Will America suffer the same fate as Europe and the rise of what Karen Armstrong calls “secular fundamentalism”? We seem to be headed in a similar direction with the secularization of our schools, courts, media, and politics. Christianity in America, like Christianity in Europe, is under attack. We see it every day. Judges are being scrutinized for their religious beliefs, especially on abortion, homosexuality, and gender redefinition. A similar thing happened to Italy’s nominee to the European Union’s executive commission a few years back. He was attacked by EU parliamentarians and the press because of his view that homosexuality was a sin. The attacks were so vicious that he had to step down.

What’s happened to the once-Christian Europe when a court has consistently denied the parents of their infant son Charlie Gard to seek alternative medical treatment in the United States? George Weigel, a theologian and senior fellow of the Ethics and Policy Center in Washington, D.C., says that the culprit “is the atheistic humanism that took shape in the 19th century.”[1] Whether in the form of Auguste Comte’s positivism (empirical science is the only reliable worldview), Charles Darwin’s naturalism (nature is all there is), or Karl Marx’s materialism (the spiritual world is an illusion), it attempted “to exclude transcendent reference points from cultural, social, and political life,” Weigel contends. “In specific, it reversed the view that the Hebrew and Christian God was the source of human freedom and dignity and proposed that this God was the obstacle to both.”

If Evolution is Right Can Anything be Wrong?

If Evolution is Right Can Anything be Wrong?

Atheistic evolutionists express moral outrage against murder and rape, but if evolution is true, how can there be moral outrage since it was killing and rape that got us where we are today as a species? Animals kill and rape every day. Why are killing and rape OK for animals but not for humans, who are only supposedly highly evolved animals? If evolution is true, at death we are nothing more than dust in the wind and in life we are nothing more than a bag of meat and bones.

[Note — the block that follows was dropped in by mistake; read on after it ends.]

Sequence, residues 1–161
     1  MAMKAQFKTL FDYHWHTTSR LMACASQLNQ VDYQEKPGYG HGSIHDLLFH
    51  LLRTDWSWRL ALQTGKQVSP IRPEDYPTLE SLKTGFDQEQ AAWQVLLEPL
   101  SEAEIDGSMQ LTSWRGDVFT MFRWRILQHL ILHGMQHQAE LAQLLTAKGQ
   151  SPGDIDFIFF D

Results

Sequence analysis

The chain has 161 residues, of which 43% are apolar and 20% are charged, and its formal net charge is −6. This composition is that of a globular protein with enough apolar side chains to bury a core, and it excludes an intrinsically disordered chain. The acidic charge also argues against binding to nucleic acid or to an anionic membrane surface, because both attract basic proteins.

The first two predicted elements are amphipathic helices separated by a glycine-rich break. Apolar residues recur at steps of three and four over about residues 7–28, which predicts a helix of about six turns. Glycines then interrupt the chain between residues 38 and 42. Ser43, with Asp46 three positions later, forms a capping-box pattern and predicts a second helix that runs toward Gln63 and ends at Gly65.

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Acquiescing to secularism struck at the heart of moral reason “in a culture that had given the world the very concept of moral reason.” Two world wars were an indictment of humanism and materialism, but instead of rejecting the materialistic worldview that was used to justify the wars, the people adopted a “hyperindividualism” which has led to “a lack of confidence in the future.” When you no longer believe in the future, you tend to discount the past (rejection of Europe’s Christian civilization), deny the future, and live for the present, both in philosophy and practice.

To show the detachment many Europeans have to the past and future, during the heat wave of 2003, the French continued their summer vacations. If a family member had died, they remained unburied and warehoused in refrigerated lockers which were soon overflowing. In Germany, there are no death notices in the newspapers, no church funeral ceremonies, no secular memorial service — “as though,” Richard Neuhaus observed, “The deceased did not exist.”